Numbers don’t lie: Batting has let India’s bowling down
Besides Virat Kohli’s consistent batting form, much of India’s success in Tests in the last five years has been because of their bowlers. The current Indian attack, comprising Ishant Sharma, Mohammed Shami, Jasprit Bumrah, Umesh Yadav, Bhuvneshwar Kumar, Ravichandran Ashwin and Ravindra Jadeja, is steadily becoming a formidable unit. As the series against Proteas and England (this year) have shown, this Indian unit can be the difference -- only if the batting comes to its own.
Since January 2013, there have been 41 occasions in which India’s bowlers have taken 20 wickets in a Test. Out of these, India have won 33 and lost the remaining eight. The victories do highlight India’s dominance as the World No 1 Test side -- particularly due to their solid home record -- but the losses also have a story to tell, starting with the Auckland Test against New Zealand in 2014.
While the bowlers leaked 503 runs in the first innings, they came back strongly in the second innings to dismiss the Kiwis for 105. India, needing 407 to go 1-0 up in the two-match Test series, were 221/2 -- courtesy Shikhar Dhawan’s century and Kohli’s half-century -- but the middle-order couldn’t stand up to the challenge and the MS Dhoni-led side lost by 40 runs. The second match was a draw and India lost the series.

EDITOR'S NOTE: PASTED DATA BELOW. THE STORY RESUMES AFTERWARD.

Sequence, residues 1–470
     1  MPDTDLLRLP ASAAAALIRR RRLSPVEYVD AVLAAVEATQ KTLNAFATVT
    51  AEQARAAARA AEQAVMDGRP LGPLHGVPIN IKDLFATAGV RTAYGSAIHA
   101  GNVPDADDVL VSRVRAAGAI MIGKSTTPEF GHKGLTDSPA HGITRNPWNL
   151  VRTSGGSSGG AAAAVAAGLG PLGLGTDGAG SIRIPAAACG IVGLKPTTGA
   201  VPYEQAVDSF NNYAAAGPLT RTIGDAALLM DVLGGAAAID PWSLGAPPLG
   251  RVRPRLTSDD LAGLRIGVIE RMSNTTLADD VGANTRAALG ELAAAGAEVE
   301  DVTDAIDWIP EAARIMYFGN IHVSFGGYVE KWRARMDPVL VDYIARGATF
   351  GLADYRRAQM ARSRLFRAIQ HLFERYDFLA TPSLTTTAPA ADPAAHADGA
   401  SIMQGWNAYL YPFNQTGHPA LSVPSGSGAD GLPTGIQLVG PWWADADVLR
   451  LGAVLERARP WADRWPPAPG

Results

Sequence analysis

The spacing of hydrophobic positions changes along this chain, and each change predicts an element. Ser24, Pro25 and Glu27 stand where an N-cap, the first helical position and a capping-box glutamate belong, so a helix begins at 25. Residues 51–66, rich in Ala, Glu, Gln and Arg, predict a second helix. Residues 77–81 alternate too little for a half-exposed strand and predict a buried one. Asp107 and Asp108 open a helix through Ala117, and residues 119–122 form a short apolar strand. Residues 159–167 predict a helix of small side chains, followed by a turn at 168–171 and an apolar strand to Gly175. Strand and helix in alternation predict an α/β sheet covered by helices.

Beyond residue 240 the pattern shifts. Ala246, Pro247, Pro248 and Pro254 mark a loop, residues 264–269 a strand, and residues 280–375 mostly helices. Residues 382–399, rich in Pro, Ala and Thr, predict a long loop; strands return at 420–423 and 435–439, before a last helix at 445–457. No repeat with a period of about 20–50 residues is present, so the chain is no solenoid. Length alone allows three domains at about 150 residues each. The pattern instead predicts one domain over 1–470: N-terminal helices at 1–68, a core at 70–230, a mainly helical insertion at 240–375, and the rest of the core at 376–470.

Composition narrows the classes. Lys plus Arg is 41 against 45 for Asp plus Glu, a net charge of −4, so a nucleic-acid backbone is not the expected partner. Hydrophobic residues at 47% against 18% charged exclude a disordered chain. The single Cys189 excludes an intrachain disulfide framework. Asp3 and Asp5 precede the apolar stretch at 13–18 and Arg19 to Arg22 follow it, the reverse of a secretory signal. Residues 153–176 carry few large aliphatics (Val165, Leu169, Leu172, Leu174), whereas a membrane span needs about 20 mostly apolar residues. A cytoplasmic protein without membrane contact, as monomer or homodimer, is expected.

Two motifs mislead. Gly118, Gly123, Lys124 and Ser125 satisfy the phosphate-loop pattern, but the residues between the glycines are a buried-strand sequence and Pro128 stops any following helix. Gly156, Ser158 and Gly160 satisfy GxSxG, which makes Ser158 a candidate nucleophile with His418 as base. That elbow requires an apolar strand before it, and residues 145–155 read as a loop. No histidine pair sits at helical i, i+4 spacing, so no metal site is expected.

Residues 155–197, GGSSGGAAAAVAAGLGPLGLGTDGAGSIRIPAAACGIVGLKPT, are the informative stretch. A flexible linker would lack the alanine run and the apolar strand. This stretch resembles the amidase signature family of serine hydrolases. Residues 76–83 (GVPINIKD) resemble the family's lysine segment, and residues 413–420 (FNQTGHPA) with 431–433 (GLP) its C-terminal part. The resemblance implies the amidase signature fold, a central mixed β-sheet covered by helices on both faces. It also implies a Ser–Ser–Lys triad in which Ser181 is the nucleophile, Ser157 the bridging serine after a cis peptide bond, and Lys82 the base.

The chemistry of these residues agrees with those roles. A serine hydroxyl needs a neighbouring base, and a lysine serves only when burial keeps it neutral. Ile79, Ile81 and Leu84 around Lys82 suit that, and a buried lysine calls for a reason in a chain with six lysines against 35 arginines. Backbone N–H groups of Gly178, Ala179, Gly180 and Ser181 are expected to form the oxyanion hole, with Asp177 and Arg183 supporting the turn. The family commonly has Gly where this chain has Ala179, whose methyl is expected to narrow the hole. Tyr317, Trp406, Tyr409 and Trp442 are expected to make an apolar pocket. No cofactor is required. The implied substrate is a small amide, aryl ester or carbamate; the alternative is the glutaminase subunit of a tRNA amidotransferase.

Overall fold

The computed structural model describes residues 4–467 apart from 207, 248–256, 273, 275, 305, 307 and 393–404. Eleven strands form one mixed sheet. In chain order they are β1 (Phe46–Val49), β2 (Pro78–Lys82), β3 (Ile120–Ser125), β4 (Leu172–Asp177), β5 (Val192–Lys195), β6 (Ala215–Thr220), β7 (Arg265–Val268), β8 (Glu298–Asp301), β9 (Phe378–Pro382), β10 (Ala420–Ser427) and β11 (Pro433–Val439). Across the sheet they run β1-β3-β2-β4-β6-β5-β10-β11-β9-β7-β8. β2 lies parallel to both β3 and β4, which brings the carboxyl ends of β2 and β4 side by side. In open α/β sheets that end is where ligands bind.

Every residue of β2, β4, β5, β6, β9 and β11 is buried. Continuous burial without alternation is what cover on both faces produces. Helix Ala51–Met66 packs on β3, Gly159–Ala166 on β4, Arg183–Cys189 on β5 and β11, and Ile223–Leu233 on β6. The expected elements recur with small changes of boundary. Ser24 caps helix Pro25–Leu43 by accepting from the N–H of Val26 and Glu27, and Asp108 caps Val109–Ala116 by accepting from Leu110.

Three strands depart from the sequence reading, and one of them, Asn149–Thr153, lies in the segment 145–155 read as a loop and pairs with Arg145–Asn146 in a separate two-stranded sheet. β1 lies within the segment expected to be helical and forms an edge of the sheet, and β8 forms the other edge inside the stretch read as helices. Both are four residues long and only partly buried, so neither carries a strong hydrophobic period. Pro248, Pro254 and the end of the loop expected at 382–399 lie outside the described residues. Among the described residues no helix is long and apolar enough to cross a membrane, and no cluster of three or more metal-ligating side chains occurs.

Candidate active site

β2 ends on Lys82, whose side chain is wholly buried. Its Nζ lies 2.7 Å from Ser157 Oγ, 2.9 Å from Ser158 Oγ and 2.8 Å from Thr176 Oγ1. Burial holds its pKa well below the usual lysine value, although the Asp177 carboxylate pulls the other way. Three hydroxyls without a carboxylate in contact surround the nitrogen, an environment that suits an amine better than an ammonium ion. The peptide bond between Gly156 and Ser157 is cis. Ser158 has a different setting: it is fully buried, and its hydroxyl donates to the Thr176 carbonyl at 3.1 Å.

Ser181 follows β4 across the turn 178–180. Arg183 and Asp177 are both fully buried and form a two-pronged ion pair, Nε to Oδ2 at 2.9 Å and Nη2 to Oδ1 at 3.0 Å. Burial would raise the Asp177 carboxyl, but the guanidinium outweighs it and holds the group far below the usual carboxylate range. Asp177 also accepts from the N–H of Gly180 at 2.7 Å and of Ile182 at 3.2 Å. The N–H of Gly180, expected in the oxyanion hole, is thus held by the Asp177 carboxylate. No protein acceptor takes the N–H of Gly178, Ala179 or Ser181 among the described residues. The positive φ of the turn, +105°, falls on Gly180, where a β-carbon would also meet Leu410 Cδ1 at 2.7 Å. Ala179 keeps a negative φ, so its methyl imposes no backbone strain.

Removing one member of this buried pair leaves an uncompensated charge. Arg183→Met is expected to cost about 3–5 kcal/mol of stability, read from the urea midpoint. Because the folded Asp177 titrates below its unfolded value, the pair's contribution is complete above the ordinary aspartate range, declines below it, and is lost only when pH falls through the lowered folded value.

Next year, India played Sri Lanka in Galle. Despite bowling out the hosts twice and taking a 192-run first innings lead, India suffered a 63-run defeat due to another batting failure. In 2018, there were five instances where India were in the driver’s seat because of their bowling, but the batting couldn’t live up to its potential and hence Kohli’s team lost.
Starting with the Cape Town Test against South Africa, India -- after restricting Faf du Plessis’ side to 286 and 130 -- needed 207 to win. But seamer Vernon Philander’s career best 6/42 sealed the deal for his team by 72 runs. The story continued in Centurion, Birmingham and Southampton. In the ongoing series against Australia too, the second Test in Perth all but proved that India’s batting has been the main reason behind their downfall in overseas Tests.
Each bowler in the squad has shown the patience and understanding to bowl to a situation. The bad habits of erring in line and length have reduced. But it seems the batsmen aren’t learning from their mistakes.
With two more Tests to go before India’s next overseas Test sojourn, the batsmen will need to come up with something really special to banish the memories.